Economic Update (December 13, 2012)
The employment report for November was in line with consensus expectations, with an increase in payroll employment of 146,000, but a moderate downward revision to the October figures. The unemployment edged down a tick, to 7.7 percent.
While this pace of job growth is unexciting, it is considerably better than late summer, when there were widespread worries that weak job growth posed risks of a double-dip recession. Increases in private payrolls over the past five months — the red bars in chart 1 — averaged about 150,000 per month, more than twice the speed we saw last spring. Job growth year-to-date is slightly ahead of 2011.
The economy has generated about 5 million new jobs since the end of the recession, and has recovered about half the total job losses during 2008 and 2009. There are other signs of improvement, however, including a 1.2 million decline in the number of people who are working part-time for economic reasons. That is, over a million people who previously wanted full-time work but could only find part-time jobs are now working a full workweek. The number of people working part-time is still very high, but it is headed in the right direction.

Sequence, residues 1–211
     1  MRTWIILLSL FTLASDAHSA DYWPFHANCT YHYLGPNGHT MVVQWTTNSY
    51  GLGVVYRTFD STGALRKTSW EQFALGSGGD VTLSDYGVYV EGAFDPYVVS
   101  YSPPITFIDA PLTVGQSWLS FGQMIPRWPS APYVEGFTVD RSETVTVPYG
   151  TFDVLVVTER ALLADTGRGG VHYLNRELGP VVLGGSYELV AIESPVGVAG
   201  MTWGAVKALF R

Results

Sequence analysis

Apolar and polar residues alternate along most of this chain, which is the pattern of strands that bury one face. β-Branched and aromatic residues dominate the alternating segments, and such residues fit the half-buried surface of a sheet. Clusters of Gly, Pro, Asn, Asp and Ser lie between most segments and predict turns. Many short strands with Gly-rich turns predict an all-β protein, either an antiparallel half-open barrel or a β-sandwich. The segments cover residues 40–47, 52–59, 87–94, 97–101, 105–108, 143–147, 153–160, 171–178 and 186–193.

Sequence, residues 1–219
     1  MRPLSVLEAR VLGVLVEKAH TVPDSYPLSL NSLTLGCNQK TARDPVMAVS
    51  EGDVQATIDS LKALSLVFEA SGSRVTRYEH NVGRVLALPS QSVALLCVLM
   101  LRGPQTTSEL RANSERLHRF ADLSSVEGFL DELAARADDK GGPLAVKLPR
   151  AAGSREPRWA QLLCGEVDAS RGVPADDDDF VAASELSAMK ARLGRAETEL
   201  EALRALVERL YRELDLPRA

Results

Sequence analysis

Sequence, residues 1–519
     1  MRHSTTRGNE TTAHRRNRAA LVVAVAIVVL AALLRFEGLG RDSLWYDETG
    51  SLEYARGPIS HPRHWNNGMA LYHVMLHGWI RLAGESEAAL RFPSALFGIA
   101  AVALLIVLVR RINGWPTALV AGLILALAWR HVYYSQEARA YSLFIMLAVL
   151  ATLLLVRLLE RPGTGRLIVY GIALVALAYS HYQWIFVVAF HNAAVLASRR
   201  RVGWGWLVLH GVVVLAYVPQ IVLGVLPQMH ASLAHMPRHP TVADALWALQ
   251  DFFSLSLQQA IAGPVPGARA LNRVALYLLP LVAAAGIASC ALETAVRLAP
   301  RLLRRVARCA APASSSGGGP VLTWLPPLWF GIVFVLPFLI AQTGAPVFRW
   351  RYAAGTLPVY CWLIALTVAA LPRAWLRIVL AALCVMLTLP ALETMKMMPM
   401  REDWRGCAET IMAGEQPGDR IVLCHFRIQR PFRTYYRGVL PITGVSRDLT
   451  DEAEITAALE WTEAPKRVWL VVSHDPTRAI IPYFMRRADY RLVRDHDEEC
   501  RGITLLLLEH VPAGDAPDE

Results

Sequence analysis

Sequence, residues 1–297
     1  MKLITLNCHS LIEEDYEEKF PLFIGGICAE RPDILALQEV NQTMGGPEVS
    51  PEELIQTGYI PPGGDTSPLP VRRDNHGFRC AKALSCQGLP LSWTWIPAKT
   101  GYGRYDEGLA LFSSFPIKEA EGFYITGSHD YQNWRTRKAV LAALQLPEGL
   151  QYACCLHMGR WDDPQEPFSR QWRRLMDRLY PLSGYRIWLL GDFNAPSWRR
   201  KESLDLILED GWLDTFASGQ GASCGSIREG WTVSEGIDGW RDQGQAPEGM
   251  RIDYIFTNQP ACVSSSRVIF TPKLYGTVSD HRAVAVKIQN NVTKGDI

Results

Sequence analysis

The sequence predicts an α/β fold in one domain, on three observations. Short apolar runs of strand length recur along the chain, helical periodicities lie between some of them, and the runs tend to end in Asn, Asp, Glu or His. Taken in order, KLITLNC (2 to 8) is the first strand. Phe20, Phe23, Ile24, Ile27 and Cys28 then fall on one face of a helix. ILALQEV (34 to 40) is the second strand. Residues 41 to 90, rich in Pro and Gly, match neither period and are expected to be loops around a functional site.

Temp workers are giving another positive sign for future job growth. While many workers in temporary positions would prefer a permanent job, employers often turn to temps while they are searching for a full-time employee, or if they are waiting to see if an upturn in sales appears sustainable. The number of temp workers has been growing a fairly steady 20,000 or more per month since 2010, a relatively high level compared to trends over the past decade, which signals continued increases in permanent jobs ahead (chart 2).
The outlook for commercial real estate markets depends on two main macroeconomic factors. First, the overall rate of GDP growth, and the increases in office employment, consumer spending and household incomes that accompany stronger GDP growth. The latest jobs numbers suggest that the improvements may be slow and gradual, but are progress nonetheless and likely to gain momentum in 2013.
Second, the supply of new commercial construction remains a little above 20-year lows (chart 3). Developers cancelled or postponed many projects during the recession. Activity has been slow to pick up due to concerns about the durability of the economic recovery and tight financing conditions. With so little new supply in the pipeline, the stronger GDP growth we anticipate should translate into rising occupancy, rents and prices of commercial properties.
For more details on recent economic numbers and the outlook for commercial real estate, see the REIT.com video.